Montoya v. Allstate Insurance Company
ORDER accepting 98 Report and Recommendations, and granting in part and denying in part 75 Motion to Limit Plaintiff's Expert Testimony, by Judge Lewis T. Babcock on 4/26/16.(dkals, )
IN THE UNITED STATES DISTRICT COURT
FOR THE DISTRICT OF COLORADO
LEWIS T. BABCOCK, JUDGE
Civil Case No. 14-cv-02943-LTB-KMT
ALLSTATE INSURANCE COMPANY,
This case is before me on the recommendation of the Magistrate Judge issued and
served on April 5, 2016 (Doc 97). Both parties have failed to file specific written objections
to the Magistrate Judge’s recommendation and are therefore barred from de novo review.
Accordingly, it is
ORDERED that the recommendation is accepted and Defendant Allstate’s Motion
to Limit Plaintiff’s Expert Testimony (Doc 75) is GRANTED IN PART AND DENIED IN
PART as follows:
To the extent that any non-retained expert that any non-retained expert
reviewed another treating medical provider’s records for any purpose other
than during and for his or her direct treatment of the Plaintiff, testimony about
those medical records are barred because no after-the-fact medical record
review opinions were provided in the form of a compliant Fed.R.Civ.P.
26(a)(2)(B) report as required. The non-retained experts are allowed to
testify about medical records reviewed as part of the expert’s own treatment,
including how those records may have influenced the testifying expert’s
Any testimony from a treating medical provider listed in Plaintiff’s expert
disclosures regarding the reasonableness of any medical expenses or costs,
including their own, and whether any such expenses are/were necessary are
barred because none of the experts listed by Plaintiff were properly disclosed
under Fed.R.Civ.P. 26(a)(2)(B) to render opinion testimony on this topic. The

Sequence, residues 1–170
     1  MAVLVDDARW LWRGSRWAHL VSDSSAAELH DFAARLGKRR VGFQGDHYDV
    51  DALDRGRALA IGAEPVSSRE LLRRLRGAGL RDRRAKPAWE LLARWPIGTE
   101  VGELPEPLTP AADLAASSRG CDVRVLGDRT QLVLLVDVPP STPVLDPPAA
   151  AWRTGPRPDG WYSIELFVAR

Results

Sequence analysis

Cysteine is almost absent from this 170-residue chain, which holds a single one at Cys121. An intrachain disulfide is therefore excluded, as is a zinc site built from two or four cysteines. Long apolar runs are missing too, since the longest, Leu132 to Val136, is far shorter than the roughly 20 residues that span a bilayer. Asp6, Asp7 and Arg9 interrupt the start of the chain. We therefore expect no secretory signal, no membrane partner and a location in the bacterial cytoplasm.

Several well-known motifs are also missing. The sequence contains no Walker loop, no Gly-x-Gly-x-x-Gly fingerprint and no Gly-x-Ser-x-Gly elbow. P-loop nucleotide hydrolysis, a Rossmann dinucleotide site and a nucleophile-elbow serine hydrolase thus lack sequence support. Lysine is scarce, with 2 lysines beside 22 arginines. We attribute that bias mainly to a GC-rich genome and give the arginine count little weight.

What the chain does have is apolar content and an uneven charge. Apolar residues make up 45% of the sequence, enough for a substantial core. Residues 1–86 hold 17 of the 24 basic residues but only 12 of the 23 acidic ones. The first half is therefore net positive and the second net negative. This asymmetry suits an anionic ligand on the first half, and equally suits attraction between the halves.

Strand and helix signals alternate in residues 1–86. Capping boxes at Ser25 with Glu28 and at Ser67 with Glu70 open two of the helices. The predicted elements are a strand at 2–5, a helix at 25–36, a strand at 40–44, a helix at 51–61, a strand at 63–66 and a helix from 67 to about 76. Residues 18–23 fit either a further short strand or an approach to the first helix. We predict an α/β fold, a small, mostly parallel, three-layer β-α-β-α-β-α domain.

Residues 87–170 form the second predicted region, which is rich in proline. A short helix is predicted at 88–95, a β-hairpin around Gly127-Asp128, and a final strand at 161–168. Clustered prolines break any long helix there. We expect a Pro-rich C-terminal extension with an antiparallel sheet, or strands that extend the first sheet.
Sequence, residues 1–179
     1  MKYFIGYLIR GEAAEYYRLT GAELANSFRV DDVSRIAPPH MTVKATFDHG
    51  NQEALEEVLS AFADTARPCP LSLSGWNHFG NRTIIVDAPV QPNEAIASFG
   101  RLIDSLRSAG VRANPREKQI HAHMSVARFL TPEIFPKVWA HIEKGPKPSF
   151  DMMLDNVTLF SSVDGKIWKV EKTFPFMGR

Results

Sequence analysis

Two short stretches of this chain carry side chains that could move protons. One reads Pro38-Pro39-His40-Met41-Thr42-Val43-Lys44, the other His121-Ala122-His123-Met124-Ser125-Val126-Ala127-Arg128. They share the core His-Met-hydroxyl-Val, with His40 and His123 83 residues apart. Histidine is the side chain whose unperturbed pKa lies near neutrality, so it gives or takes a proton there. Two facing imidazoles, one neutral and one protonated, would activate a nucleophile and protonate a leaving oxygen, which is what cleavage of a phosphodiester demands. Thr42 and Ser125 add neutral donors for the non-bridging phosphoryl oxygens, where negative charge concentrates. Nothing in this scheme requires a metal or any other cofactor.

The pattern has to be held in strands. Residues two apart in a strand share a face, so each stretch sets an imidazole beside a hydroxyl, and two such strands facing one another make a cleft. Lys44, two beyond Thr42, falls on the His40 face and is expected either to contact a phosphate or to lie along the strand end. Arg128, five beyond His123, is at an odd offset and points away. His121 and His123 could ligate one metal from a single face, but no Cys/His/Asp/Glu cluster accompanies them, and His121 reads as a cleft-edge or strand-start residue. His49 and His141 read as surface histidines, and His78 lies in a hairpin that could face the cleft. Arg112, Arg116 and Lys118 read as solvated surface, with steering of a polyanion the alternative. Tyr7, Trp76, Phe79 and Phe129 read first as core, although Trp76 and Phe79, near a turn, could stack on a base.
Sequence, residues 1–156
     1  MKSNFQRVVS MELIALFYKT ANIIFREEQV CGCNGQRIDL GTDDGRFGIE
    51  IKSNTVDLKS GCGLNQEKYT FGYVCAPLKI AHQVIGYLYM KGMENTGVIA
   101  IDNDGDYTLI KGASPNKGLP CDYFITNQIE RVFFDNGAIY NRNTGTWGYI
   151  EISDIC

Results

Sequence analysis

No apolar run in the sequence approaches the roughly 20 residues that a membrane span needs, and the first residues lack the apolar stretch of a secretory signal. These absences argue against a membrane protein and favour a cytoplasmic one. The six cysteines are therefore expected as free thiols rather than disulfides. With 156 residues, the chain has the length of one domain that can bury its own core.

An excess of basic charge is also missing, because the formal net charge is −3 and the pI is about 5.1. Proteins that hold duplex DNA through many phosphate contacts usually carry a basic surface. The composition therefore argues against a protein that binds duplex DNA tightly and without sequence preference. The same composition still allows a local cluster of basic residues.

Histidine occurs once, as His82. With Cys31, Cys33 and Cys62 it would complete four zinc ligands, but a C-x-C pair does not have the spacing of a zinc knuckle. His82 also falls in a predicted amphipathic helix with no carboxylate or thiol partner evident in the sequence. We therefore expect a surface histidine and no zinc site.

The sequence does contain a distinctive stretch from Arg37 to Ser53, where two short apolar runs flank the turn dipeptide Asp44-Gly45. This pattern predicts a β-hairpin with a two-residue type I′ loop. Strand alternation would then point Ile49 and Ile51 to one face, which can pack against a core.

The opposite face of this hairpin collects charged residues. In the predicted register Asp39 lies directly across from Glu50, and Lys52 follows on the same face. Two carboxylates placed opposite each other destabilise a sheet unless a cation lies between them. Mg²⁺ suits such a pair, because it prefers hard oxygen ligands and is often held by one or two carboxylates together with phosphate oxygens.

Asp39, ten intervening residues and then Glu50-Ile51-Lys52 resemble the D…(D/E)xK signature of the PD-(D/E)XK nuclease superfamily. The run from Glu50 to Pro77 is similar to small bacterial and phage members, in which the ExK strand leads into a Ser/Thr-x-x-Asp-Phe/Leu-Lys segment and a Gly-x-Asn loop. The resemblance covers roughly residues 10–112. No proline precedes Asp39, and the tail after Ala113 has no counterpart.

court finds that this kind of opinion is elicited, not for treatment of the patient,
but rather in anticipation of and for trial. On those topics, the expert would
be required to prepare, sign and have disclosed a report under the Rule.
The non-retained experts are permitted to testify to matters generally within
the scope of their medical records prepared in conjunction with treatment of
the Plaintiff, including conclusions or opinions necessarily formed at the time
of treatment about matters such as causation, prognosis and standard of
care. Further, Dr. Schneider is barred from giving opinion testimony about
those matters set forth in a letter from Plaintiff’s counsel where Dr. Schneider
specifically answered three questions, the first being directed at causation of
the Plaintiff’s hip condition with respect to an automobile accident occurring
one year previous to surgery. Those opinions were formed and rendered in
anticipation of litigation and therefore, at least as to that part of Dr.
Schneider’s testimony, Dr. Schneider was required to prepare, sign, and
have disclosed a Report consistent with Fed.R.Civ.P. 26(a)(2)(B). The Court
finds that the answers submitted on the letter prepared by counsel for Plaintiff
do not meet the qualifications to be a compliant Report under the Rule.
BY THE COURT:
s/Lewis T. Babcock
LEWIS T. BABCOCK, JUDGE
DATED: April 26, 2016
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